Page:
"Can't leave till she does, huh?" "The Needle says the 'celeration would kill her."

Fenwich wagged his head. "Too bad," he said. "Too bad. And the ship sitting there, wasting, kind of... Well, got to make the Commissary 'fore night" He depressed the reverse button. "See you, Derth. Maybe see you on the new acre. When I get my ship."

The creeper backed slowly across the yard. Derth watched it climb back onto the highway and move ponderously away beneath the cobalt vastness of the sky. When it was out of sight, he watched the empty road, standing listlessly in the dusty yard, his hands thrust deep into the pockets of his tril overalls.

That was all there was to do. Watch. The ship was bought and paid for, loaded and ready to go. And all he could do was stand in the sun and watch. And wait for Lorrie.

He kicked the dust with the toe of his held boot. The ship had come a whole week ago and he was sick and tired of waiting. Lorrie must be overdue, no matter what the Needle said. Why, she was as big, as a milch bront—anybody could see that. How much bigger could she get? How much uglier?

He kicked the dust again, then turned abruptly and started across the fields. His feet sank into the sandy loam, making each step an ordeal, but he persisted. Anything was preferable to sitting around the house for another monotonous day.

Before him, a ruffle of canth-clad hills briefly interrupted the monotony of the landscape. They were little more than dunes, actually: wind-piled remnants of the desert days before man had come with his scrapers and diggers and engineering ingenuity and joined the antipodal seas with a vast network of irrigation ditches. When he reached the nearest one, Derth climbed halfway up its verdant slope and sank down to rest.

The heavy perfume of burgeoning canth was all around him. It cloyed his nostrils, making him giddy. He lay back amid the green vines and the blue blossoms, pillowing his head upon his clasped hands.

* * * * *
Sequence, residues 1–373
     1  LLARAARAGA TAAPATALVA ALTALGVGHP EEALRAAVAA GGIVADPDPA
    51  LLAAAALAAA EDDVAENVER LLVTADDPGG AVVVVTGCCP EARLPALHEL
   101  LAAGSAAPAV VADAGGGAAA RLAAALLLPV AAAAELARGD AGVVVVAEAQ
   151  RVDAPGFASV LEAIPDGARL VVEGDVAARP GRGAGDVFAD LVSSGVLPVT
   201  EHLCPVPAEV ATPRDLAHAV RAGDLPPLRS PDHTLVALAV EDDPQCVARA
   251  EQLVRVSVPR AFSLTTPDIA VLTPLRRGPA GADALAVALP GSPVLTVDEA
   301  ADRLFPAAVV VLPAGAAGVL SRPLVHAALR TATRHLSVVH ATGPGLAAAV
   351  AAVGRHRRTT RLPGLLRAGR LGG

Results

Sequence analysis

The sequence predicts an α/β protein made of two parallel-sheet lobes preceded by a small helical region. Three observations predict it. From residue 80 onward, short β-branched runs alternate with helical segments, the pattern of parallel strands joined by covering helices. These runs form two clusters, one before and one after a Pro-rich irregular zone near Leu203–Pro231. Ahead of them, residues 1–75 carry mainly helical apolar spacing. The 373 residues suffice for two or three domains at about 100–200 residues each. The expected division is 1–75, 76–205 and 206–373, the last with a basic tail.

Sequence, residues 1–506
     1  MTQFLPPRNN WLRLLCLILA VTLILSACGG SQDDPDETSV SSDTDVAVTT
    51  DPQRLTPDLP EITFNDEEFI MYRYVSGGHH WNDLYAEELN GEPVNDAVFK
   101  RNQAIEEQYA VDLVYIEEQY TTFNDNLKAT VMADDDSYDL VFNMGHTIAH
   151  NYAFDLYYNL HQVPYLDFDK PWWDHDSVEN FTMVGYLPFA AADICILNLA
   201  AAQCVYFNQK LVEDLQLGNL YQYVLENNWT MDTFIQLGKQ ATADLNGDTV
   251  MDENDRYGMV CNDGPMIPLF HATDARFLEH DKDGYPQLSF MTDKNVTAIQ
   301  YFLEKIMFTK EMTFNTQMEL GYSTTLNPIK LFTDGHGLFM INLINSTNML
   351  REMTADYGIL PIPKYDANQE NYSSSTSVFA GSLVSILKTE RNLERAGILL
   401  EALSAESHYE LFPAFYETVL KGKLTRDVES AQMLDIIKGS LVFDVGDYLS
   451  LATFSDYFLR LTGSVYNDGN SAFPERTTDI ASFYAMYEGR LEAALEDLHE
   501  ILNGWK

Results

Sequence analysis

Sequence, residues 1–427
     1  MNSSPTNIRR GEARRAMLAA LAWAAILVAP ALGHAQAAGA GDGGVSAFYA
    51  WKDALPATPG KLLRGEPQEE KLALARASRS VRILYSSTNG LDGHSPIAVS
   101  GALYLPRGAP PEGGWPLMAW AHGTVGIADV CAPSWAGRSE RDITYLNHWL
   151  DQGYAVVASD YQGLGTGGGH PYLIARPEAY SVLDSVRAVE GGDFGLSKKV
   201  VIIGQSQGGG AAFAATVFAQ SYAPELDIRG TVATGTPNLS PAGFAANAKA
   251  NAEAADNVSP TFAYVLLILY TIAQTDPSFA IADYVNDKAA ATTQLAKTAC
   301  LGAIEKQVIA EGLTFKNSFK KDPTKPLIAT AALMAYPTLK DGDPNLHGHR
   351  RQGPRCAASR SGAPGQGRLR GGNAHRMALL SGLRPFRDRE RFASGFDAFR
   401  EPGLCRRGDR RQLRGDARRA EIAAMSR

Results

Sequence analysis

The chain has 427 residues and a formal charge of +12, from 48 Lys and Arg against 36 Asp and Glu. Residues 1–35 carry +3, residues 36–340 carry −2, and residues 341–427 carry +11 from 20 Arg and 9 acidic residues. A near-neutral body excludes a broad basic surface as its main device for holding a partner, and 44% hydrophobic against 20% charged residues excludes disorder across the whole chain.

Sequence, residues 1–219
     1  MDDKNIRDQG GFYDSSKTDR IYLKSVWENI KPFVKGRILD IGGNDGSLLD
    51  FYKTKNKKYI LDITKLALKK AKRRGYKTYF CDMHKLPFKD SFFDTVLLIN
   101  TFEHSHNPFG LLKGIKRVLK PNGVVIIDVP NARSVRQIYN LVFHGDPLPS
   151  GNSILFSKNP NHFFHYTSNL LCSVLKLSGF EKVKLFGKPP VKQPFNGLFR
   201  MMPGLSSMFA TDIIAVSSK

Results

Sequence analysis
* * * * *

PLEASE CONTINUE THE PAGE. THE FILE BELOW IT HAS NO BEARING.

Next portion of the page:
He looked back across the fields at the ship.

The sun had caught her completely and she stood against the sky like a lithe goddess in a gleaming golden gown. Derth gasped involuntarily, struggling with his new perspective. He had never seen her quite like this before—so poised, so exquisite, so alive with light. Up till now, he had always been close to her. Ever since the day she'd arrived, he'd never wandered far from her side. Too, there was a certain intimacy connected with polishing her flanks, with inspecting, over and over, the complex interior of her body: an intimacy that had made it impossible for him to see her in quite the same way as he saw her now.

The cobalt sky seemed deeper than ever, the sun warmer. He lay lazily in the canth, eyes half closed. The afternoon dreamed slowly by...

The hills had acquired long shadows when he started back. There was a strange lightness about his body, and his legs no longer minded the softness of the fields. When he came to the ship (she wore a coppery gown now), he paused beside her, staring up at her towering, magnificent body. He reached out to touch the hem of her gown—


The illusion disintegrated. His hand dropped to his side.


He turned toward the house. His cheeks were burning. Lorrie was standing on the steps, thin, grotesque, misshapen. Sudden hatred suffused him. "What you want!" he shouted.

"It's time for supper... Derth, I've called you three times. What's the matter with you?"

"Nothing!" He started toward the house, stomping his feet hard.

Lorrie had reentered the kitchen and was standing by the stove. "I got some openeye brewed," she said. "Are you hungry yet, Derth?"

He dropped his eyes. "Not hungry at all," he said.

"What's the matter with you, Derth? You sick? You never cat no more—"

"When a man don't work he just don't get hungry." Derth sat down at the table and took the cup of openeye she handed him. He stirred it absently, staring into its liquid blackness.

Lorrie sat down opposite him. "Derth, why don't you look at me no more?"

Startled, he raised his eyes. He could feel his cheeks burning again. She was regarding him intently and his eyes wanted to run away. It was all he could do to keep them on her face.

"Am I ugly now, Derth?"

"Course not, Lorrie!"